Contra Costa Health (CCH) continues to advise Crockett residents to take steps to protect their health due to elevated levels of hydrogen sulfide coming from the Crockett Wastewater Treatment Plant.
Air monitoring data from Monday and Tuesday from CCH’s Hazardous Materials Program (HazMat) show concentrations of the chemical that may cause symptoms such as headaches, nausea and irritated eyes in people exposed to it for long periods.
CCH and its partners have not detected levels of hydrogen sulfide in Crockett’s air that would be considered immediately dangerous to public health.
The threshold at which hydrogen sulfide in the air may cause symptoms is .03 parts per million (ppm). The Bay Area Air Quality Management District (BAAQMD) measured a 1-hour average reading of .036 ppm near the plant on Friday, Oct. 7, prompting the health advisory from CCH.
On Tuesday, Oct. 11, a Hazardous Materials team collected a one-hour average reading of .045 ppm near Port and Ceres streets, directly east of Interstate 80 from the plant.
Commercially available carbon air filters, also known as activated charcoal air filters, are effective at reducing levels of hydrogen sulfide indoors. Masking is not effective protection.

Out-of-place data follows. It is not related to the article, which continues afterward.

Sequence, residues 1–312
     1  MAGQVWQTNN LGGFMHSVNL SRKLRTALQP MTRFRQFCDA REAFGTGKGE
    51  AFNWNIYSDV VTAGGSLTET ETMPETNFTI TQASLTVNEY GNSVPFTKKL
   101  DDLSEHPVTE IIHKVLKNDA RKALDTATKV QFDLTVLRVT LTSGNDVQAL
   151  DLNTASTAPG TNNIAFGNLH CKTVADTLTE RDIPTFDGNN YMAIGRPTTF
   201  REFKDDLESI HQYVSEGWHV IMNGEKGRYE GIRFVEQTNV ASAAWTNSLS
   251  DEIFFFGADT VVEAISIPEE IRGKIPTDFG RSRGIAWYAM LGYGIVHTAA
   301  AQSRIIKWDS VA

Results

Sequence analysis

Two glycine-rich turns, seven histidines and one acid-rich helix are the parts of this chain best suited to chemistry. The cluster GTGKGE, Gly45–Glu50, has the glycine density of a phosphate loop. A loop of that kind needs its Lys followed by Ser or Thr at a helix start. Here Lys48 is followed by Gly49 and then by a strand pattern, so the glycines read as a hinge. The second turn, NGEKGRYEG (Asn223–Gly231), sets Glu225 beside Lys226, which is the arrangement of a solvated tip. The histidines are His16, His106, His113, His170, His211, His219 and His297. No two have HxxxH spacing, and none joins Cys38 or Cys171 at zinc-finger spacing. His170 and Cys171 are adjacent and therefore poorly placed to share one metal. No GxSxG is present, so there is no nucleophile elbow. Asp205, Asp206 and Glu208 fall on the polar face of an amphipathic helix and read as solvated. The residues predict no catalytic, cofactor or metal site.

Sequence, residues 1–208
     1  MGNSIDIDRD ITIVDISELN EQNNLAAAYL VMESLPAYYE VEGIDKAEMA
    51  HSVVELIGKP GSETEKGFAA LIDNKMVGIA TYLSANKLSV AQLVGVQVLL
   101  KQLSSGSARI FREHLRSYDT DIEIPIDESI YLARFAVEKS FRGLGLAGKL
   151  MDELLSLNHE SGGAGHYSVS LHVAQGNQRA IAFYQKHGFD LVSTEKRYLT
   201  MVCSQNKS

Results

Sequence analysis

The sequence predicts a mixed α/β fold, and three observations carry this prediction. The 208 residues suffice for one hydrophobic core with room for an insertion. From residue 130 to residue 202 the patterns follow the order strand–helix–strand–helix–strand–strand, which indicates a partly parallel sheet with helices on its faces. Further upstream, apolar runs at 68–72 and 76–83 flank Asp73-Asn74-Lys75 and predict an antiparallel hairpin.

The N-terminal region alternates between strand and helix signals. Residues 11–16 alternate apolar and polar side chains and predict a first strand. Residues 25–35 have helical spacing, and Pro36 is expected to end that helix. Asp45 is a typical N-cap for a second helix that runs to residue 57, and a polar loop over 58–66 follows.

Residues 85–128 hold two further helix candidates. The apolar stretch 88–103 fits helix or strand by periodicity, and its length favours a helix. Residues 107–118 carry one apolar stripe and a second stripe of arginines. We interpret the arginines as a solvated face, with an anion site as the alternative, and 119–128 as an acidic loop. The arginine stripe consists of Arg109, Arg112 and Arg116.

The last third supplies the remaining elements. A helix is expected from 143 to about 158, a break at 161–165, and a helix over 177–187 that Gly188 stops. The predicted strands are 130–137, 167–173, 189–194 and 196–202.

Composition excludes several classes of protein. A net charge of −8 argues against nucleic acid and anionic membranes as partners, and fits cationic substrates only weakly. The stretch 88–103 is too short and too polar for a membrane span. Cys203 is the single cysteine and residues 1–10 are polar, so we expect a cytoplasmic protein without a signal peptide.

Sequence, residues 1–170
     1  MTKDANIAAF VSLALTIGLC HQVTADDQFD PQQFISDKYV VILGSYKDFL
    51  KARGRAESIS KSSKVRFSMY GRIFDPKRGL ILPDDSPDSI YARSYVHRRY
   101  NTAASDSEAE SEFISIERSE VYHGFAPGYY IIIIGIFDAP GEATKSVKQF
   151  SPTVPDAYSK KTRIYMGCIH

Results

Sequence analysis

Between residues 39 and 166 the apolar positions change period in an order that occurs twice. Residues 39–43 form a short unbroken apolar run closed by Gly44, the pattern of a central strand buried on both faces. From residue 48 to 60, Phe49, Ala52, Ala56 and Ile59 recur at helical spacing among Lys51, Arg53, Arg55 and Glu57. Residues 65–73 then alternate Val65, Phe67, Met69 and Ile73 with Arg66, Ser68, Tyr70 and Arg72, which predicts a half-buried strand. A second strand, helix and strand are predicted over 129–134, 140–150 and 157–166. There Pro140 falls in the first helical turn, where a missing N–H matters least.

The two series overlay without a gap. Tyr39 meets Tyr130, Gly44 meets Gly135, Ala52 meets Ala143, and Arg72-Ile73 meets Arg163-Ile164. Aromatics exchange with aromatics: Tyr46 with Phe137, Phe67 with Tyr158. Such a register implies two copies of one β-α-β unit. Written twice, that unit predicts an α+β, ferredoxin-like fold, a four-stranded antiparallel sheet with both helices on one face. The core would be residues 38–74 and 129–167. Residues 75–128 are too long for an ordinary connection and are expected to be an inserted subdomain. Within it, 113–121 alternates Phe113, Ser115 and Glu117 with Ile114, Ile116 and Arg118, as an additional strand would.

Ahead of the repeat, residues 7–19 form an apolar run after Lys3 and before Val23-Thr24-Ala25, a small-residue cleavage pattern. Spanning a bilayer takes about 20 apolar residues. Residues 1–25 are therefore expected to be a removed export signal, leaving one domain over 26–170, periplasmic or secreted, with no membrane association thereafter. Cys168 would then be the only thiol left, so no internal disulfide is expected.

CCH recommends anyone experiencing minor symptoms to stay indoors with windows and doors closed. People experiencing serious or persistent symptoms should contact their health provider.
Levels in the air may vary based on location, weather and proximity to the plant. Smelling hydrogen sulfide (a rotten-egg or sewage odor) is not an indicator that concentrations in the air are high enough to pose a health risk.
The Contra Costa County Office of Emergency Services and HazMat provided 40 indoor air filters to the John Swett Unified School District for use at John Swett High and Carquinez Middle schools.
On Tuesday, HazMat measured a 1-hour average reading of .0031 ppm outdoors at John Swett High, and .0015 ppm outdoors at Carquinez Middle.
CCH will release updated air quality data as it becomes available.
The elevated levels of hydrogen sulfide in Crockett’s air are the result of a weeks-long operational issue at the plant, 1801 Dowrelio Road, which processes sewage from the community and wastewater from the C&H Sugar refinery. C&H owns the property and through a contractor operates the facility.
CCH is responsible for providing public health information and guidance about what actions to take to stay healthy and safe. For information and updates about the operational problem causing the release of hydrogen sulfide in the community, contact C&H at 510-787-2121 or [email protected].
Crockett residents have made numerous complaints about odors caused by hydrogen sulfide to public agencies that regulate the treatment plant, including BAAQMD. For information about regulatory action related to the plant, contact the Bay Area Air Quality Management District at 415-749-4647.
The Crockett Improvement Association will host a public meeting at 7 p.m. Thursday, Oct. 13, regarding the situation at the plant at Crockett Community Center, 850 Pomona Ave